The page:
The Blue Ribbon

By Laura Schiller

"So how is it?" Ava blurted out, fidgeting as she sat on the lawn of Hoffmann College campus. "Give me all the gory details."

Kegan, sitting next to her, looked down at the manuscript with a sober frown, as if measuring it with his eyes.

"It's... okay," he said, his voice slightly hoarse from getting over a cold. "I like how you characterize your narrator. How she's sort of tough and sarcastic, but vulnerable at the same time...the details are good, like the blue ribbon. But the male"

Ava noticed that her fists were clenched so tightly in her lap that the knuckles were white; she loosened them with a stern mental command, drew her legs up to her chest and wrapped her arms around them.

"Kay? He's, I dunno. I guess since you're a girl, it's harder to put yourself in a guy's perspective, right? Like, no offense..." He stretched out his hands in a warding gesture, as if she might jump at him like a wildcat. "But he's boring. Too perfect to be true. Like one of the Prince Charmings from the early Disney movies. Handsome, smart, gives her red roses..." He read aloud from one of her passages, with wide eyes and sweeping hand gestures: "I love you, Annie. You're the music that flows in my soul, the brightest star in the firmament of my life...That's corny." He dropped his hands with an embarrassed little laugh. "I don't know about other guys, but I wouldn't be caught dead saying that. No matter how much I loved her."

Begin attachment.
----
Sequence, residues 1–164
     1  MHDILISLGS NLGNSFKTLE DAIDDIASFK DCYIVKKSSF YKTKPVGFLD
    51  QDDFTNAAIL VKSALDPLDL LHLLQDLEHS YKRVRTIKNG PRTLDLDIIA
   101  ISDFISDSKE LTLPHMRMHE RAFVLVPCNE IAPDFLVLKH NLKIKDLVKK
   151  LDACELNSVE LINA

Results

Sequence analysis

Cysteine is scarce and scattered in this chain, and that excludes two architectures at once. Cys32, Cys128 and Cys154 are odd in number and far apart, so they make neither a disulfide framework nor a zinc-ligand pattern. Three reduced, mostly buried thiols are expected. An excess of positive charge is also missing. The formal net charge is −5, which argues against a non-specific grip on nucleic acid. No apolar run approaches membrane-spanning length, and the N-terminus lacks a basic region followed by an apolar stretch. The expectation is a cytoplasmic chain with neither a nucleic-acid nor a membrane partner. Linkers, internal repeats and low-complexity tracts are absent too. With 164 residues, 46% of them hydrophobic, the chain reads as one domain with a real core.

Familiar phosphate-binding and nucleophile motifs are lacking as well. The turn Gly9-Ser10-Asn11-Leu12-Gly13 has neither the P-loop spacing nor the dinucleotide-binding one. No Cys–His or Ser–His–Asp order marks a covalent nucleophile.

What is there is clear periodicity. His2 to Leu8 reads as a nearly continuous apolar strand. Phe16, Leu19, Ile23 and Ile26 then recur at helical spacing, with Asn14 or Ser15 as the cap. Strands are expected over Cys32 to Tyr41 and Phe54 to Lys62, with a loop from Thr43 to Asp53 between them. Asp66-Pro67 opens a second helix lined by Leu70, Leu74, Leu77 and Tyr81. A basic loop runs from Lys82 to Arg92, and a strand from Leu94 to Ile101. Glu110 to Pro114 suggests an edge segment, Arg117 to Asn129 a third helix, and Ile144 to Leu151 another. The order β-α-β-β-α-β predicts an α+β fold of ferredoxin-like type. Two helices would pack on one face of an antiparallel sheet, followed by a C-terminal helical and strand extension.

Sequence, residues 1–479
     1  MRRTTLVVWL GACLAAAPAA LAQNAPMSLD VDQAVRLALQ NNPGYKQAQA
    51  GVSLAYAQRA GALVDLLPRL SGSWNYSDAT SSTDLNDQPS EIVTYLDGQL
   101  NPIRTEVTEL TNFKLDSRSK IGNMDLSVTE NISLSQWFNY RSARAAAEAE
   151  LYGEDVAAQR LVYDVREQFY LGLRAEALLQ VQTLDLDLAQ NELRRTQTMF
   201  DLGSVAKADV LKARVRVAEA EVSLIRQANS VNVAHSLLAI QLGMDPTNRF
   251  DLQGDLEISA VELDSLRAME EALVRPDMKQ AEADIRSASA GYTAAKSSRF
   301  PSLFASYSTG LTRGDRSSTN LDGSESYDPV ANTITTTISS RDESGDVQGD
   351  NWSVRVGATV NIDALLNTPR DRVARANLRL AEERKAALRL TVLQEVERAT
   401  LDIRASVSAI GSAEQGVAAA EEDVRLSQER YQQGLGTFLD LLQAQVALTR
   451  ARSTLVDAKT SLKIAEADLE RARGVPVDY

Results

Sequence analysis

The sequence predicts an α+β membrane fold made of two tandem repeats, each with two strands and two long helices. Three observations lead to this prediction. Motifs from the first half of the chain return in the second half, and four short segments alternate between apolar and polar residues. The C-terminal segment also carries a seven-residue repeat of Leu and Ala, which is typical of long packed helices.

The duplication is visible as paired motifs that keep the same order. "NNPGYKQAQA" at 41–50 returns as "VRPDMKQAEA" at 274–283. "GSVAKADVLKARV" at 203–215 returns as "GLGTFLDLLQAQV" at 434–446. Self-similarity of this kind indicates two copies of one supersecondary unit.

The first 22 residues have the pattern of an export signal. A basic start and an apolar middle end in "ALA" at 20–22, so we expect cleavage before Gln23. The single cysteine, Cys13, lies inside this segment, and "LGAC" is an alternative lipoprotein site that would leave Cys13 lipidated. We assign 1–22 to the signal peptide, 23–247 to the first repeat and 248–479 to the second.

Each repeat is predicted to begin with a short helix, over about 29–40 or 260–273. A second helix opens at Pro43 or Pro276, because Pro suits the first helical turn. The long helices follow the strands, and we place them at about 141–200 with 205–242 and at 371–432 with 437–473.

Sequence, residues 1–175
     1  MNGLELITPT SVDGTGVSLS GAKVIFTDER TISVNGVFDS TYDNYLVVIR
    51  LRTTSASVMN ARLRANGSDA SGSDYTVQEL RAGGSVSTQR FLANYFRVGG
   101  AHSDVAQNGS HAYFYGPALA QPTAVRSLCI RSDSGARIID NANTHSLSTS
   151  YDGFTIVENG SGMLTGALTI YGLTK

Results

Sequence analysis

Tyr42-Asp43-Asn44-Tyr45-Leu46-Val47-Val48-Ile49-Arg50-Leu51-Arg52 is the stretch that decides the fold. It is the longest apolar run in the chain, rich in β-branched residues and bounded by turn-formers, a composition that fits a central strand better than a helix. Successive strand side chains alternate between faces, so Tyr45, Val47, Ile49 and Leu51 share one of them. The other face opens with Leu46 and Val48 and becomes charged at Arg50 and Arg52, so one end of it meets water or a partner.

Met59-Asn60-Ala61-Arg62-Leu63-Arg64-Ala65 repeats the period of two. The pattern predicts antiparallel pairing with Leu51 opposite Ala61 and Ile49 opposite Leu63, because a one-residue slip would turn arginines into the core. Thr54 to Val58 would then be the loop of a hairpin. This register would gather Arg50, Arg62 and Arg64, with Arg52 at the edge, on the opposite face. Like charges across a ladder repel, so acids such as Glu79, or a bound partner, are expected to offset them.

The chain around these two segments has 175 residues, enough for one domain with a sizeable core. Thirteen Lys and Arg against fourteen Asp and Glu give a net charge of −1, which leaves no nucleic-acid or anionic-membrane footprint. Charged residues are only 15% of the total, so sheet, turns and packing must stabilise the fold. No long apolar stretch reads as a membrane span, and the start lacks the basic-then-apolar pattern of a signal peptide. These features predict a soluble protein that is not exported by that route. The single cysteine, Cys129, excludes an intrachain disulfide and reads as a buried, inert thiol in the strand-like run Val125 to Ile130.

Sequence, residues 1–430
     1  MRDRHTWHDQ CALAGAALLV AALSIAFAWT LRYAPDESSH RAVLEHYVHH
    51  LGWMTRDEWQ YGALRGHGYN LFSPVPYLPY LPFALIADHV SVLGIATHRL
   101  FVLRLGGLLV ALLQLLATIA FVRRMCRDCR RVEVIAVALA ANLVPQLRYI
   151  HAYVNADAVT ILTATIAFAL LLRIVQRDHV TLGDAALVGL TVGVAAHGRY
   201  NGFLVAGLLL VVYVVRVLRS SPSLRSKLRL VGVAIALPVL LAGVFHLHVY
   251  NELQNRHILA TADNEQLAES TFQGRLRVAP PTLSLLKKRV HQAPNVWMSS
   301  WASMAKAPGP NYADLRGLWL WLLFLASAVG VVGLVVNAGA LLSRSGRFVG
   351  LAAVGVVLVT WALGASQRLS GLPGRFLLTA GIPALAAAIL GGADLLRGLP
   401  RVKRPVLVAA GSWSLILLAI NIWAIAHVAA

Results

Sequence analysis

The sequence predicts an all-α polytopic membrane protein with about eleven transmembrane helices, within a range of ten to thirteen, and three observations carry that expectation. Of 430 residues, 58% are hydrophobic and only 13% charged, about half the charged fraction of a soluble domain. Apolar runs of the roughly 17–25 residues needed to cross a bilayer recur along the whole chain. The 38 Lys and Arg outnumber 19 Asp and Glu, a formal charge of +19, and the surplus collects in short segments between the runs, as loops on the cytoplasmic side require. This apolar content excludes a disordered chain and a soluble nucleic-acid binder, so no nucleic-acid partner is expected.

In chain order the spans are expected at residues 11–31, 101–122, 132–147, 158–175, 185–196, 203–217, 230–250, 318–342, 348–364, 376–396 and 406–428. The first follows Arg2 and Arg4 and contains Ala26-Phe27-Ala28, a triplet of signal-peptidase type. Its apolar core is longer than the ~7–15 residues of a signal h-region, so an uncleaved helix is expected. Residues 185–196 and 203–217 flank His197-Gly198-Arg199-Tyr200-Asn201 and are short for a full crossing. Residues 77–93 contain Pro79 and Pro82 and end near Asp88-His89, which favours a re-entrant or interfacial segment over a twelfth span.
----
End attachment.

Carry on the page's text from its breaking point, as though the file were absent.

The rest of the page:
He cleared his throat and handed the manuscript back. Ava took it without looking at him, feeling a smoldering heat growing on her cheeks. All her worst suspicions were confirmed.

"You're the one who kept nagging me to let you read it," she snapped. "Nobody forced you."

He sighed. "Now don't get mad. Look, I'm sorry. Just trying to help. And your story is good except for Kay. Why don't you make him a bit more human? Like, give him a few jokes to crack or flaws to deal with, you know?"

"I know."

She looked down at her little five-page romance - painstakingly typed in Georgia, her favorite font, and blue ink. Spell-checked and edited multiple times. Titled The Blue Ribbon for lack of a better idea. Two weeks' effort gone down the drain. At least she had one consolation: he'd never seen the first draft. If he were to read that...she shuddered mentally at the thought.

"You're's corny. Full of clichés. I guess the falling-in-love-with-your-best-friend plot is pretty overused by now."